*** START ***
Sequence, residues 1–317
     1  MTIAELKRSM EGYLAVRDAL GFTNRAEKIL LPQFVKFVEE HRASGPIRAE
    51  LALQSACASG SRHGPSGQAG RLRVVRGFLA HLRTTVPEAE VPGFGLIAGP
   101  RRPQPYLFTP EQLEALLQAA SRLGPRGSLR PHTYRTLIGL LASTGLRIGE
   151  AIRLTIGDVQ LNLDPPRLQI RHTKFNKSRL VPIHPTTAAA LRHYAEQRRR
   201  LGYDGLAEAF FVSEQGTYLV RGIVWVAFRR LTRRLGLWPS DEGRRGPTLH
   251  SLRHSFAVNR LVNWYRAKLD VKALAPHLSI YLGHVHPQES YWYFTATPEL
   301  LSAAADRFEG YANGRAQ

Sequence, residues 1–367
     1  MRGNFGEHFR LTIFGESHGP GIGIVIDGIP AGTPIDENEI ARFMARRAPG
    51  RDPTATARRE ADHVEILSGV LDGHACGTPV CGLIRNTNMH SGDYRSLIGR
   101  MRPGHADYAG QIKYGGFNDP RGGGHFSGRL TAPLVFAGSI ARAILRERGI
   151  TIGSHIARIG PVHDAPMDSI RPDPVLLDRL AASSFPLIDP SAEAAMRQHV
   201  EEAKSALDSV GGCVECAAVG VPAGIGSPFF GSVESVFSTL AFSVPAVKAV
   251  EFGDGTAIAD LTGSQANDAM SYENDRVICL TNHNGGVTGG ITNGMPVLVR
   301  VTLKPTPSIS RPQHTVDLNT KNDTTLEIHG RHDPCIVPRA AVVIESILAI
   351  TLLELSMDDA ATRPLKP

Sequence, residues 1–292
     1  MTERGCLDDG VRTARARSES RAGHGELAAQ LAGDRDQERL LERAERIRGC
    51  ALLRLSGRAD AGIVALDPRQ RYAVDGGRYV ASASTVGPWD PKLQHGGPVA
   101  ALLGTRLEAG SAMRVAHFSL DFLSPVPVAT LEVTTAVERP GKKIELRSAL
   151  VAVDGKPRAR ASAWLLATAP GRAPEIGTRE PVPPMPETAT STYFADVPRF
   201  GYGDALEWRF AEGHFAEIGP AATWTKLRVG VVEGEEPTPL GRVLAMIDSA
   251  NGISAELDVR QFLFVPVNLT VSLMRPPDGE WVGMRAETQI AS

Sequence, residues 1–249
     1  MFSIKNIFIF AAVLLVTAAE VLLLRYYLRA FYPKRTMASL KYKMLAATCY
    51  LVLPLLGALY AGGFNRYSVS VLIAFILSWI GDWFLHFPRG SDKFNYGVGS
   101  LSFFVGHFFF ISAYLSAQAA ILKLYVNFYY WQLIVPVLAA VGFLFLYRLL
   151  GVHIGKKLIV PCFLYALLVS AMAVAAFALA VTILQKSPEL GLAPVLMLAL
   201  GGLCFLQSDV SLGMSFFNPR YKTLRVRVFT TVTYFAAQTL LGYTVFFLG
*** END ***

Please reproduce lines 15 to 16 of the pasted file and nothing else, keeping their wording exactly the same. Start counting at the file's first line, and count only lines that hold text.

   251  EFGDGTAIAD LTGSQANDAM SYENDRVICL TNHNGGVTGG ITNGMPVLVR
   301  VTLKPTPSIS RPQHTVDLNT KNDTTLEIHG RHDPCIVPRA AVVIESILAI